A twist on the key tensions the main spring until there is no play left. But the steady tension of that wind turns the clock's arms in measured jumps. In the escapement, the wheel is caught and released discreetly, and seconds don't run like fluid around the face. it is two, and then it is three – the in-between is a blur. Time was digital even when it was analog, as those teeth and cogs ensure.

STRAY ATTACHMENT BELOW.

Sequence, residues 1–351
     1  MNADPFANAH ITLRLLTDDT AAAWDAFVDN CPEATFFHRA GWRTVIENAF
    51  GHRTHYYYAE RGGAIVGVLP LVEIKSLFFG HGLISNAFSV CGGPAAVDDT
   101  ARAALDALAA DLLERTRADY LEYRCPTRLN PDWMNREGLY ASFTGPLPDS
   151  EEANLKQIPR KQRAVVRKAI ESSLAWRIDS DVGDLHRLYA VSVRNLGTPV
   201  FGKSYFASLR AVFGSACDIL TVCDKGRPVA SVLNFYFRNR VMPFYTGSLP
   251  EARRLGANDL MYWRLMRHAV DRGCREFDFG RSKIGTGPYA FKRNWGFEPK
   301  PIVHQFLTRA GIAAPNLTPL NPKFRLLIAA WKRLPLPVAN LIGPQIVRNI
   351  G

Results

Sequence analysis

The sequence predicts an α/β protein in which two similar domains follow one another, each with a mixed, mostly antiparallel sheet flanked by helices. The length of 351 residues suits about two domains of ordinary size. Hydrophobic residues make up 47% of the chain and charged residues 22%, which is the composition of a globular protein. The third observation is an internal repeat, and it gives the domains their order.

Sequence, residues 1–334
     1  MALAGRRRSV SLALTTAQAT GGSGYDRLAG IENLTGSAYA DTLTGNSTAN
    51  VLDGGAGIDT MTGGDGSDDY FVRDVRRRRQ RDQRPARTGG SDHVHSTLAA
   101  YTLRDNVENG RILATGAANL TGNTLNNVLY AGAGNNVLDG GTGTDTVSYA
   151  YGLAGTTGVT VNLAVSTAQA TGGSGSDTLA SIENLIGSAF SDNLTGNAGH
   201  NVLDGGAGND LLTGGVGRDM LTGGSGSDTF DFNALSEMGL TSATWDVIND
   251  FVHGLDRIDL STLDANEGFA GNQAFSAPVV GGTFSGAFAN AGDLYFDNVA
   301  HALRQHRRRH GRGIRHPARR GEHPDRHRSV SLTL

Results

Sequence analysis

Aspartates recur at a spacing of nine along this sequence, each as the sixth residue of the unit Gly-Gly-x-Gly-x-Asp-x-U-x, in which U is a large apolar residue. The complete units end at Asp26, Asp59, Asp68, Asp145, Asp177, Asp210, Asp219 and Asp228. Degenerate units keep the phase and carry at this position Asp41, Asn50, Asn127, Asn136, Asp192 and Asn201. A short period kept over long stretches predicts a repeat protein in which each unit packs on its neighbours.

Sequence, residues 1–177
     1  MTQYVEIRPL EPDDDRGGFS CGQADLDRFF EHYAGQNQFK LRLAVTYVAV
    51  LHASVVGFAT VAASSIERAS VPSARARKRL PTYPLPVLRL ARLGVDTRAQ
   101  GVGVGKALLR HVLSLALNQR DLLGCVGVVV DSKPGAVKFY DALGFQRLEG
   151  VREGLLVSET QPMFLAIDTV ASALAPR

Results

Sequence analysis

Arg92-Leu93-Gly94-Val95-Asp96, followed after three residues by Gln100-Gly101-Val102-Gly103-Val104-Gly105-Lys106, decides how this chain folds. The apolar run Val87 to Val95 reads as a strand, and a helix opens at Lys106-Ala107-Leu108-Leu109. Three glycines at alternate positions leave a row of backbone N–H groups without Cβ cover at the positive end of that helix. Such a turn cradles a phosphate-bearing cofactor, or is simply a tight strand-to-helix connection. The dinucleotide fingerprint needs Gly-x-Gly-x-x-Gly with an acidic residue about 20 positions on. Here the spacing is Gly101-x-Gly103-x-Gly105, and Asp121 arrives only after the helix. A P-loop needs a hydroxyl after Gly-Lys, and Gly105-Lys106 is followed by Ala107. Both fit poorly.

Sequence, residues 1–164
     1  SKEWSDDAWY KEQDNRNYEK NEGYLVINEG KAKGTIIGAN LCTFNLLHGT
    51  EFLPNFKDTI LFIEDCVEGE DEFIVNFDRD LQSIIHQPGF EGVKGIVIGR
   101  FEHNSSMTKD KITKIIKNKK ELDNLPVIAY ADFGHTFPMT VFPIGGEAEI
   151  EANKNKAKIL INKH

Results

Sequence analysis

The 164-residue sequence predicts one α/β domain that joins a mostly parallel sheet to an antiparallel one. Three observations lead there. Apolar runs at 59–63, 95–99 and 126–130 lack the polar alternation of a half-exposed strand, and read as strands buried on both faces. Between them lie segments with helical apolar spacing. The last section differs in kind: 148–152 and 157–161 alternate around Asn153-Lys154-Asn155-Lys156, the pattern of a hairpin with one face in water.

We have internalized the experience of a clock — speed ungoverned by the steady, standardized tick of a grandfather's second hand — and this without the tedium of Einstein's proofs: a clock that is always moving faster and faster. But we remain in hearing distance of other, older clocks and grow accustomed to their proliferation and multiplicity. We live in these times, in their plurality.

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